Nerys sits at her table in the window, knitting mechanically with pin-thin fingers and squinting at the world through wire-rimmed glasses. Propped up in front of her is a sign. It reads ‘Toy Soldiers For Free’, but there are no little plastic men to be seen. Her front door is open, inviting passers-by inside providing they can negotiate a sullen stray Yorkshire Terrier, which is slumped in front of her gate.
One man does just that, shuffling the dog out of the way with his foot. ‘Hello?’ he says as he steps into the hallway.
He sidles into the lounge. The brown wallpaper is peeling away from walls in dire need of plaster, the grey carpet is fading badly and stuffing oozes from a long rip in the tattered green sofa. ‘You said you had toy soldiers?’ he ventures.
‘Not for you.’
‘Not for you.’
He leaves, like so many others before him, confusion creasing his brow as he curses inwardly at the mad old woman.
Nerys slumps in her chair. He hadn’t been her Bradley, she’d seen that straight away. She hasn’t seen her son since he vanished that day, years ago, just before Christmas. But if she ever lays eyes on him again, no matter how he might have changed, she knows she’ll recognise him.
She pats the box beneath the table. It contains toy soldiers. They had always been Bradley’s favourites. She remembers the war games he used to play on the floor, the cries of ‘bang bang’ and ‘I’m hit, I’m hit!’ as another unfortunate warrior met an untimely end.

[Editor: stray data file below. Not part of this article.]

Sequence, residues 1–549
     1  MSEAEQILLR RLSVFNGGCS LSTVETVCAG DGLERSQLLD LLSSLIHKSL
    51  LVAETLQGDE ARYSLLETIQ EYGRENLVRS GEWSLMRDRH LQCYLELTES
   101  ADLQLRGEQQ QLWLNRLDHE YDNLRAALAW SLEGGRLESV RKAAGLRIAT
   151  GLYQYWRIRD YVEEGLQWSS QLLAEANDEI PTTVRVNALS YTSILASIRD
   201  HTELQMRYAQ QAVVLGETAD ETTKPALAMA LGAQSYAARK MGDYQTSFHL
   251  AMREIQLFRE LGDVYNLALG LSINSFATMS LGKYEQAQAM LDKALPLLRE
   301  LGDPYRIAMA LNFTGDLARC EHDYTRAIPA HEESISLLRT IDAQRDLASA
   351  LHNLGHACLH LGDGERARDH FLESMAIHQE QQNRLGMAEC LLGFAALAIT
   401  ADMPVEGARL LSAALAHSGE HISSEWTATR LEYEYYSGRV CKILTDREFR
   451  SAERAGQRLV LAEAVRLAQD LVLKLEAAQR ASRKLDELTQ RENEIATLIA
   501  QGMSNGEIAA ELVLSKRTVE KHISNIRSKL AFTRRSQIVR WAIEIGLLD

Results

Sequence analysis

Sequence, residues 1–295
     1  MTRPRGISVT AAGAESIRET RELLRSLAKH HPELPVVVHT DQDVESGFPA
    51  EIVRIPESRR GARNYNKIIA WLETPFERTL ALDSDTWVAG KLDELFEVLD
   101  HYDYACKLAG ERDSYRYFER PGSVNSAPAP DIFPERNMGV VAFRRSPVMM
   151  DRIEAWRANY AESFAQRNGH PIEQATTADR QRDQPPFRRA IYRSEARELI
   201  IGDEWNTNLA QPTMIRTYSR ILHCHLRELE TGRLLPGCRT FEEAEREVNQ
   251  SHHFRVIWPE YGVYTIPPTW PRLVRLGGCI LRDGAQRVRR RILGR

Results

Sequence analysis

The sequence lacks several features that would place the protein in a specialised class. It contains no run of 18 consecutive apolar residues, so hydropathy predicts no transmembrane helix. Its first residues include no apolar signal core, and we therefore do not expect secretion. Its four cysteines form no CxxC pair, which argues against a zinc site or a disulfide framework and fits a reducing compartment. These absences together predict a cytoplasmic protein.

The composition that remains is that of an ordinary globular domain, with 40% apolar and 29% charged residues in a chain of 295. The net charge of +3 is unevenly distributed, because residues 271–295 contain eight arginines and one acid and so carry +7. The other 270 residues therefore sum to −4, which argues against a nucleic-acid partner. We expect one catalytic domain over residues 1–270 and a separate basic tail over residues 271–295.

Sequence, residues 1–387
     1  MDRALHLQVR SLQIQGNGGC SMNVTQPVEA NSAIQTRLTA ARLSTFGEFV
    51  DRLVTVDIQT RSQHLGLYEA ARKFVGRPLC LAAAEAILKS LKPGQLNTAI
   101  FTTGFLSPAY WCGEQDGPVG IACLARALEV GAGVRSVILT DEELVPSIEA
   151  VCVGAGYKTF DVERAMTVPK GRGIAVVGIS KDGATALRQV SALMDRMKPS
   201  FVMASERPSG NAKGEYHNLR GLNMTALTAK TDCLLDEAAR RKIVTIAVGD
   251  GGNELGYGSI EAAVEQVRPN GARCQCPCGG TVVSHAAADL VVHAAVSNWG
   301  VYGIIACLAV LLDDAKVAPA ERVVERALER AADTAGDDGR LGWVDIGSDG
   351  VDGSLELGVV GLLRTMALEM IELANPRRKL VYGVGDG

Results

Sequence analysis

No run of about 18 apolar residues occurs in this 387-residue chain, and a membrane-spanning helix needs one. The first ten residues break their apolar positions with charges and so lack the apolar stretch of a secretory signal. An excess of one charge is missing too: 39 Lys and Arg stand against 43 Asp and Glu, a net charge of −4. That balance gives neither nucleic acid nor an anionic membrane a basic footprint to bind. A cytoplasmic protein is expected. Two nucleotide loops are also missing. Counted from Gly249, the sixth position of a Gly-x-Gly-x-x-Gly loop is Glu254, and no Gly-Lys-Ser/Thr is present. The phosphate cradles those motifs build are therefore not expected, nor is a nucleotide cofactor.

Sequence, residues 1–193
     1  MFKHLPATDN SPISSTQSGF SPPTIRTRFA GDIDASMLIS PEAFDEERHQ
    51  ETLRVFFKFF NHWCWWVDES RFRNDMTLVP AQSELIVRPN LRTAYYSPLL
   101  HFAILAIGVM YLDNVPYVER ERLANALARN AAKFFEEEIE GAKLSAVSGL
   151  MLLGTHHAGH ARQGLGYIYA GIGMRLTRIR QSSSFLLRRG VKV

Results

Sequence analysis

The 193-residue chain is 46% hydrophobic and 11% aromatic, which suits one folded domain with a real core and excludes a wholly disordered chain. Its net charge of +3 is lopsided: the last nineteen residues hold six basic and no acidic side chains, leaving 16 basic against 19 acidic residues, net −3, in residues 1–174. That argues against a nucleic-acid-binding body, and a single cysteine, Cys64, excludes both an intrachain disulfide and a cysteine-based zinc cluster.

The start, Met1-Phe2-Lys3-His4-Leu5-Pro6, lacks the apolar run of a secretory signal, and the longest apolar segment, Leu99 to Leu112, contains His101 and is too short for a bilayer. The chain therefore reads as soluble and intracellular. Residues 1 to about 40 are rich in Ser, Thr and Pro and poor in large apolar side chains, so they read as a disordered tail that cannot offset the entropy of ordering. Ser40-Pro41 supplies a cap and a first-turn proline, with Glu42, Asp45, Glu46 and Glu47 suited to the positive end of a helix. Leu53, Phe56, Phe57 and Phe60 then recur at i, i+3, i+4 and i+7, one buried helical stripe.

Nerys peers around the dank lounge. This wasn’t her home. Never had been. She’d just been put here and forgotten about. A few months after Bradley disappeared and the police had said there was nothing more they could do, Gerald had left her and shacked up with some tart from the other side of town. He was the one who’d paid the rent. She couldn’t afford it herself. She’d told the people who came for her that if they moved her then Bradley wouldn’t know where to find her when he returned. But they just shook their heads, put her in a van and dropped her off at this slum, where she’d spent years on her own with only fear and rage for company. She can feel that rage whispering to her now and she closes her eyes and listens to it for a moment, clenching her fists and feeling her overlong nails tear into the translucent skin on the palms of her hands. Eventually she pushes it away, glances down at the box and half-smiles. No, not only fear and rage. There was still hope too. She lets herself bathe in it for a while. One day, the hope tells her, Bradley will come looking for her. He’ll see the sign and come inside.
Then she can give him his Christmas present.
David Cook’s work has appeared in Spelk, Ellipsis Zine, Ginger Collect and more. Find more of his work at davewritesfiction.wordpress.com and say hello on Twitter @davidcook100. He lives in Bridgend, Wales, with his wife and daughter.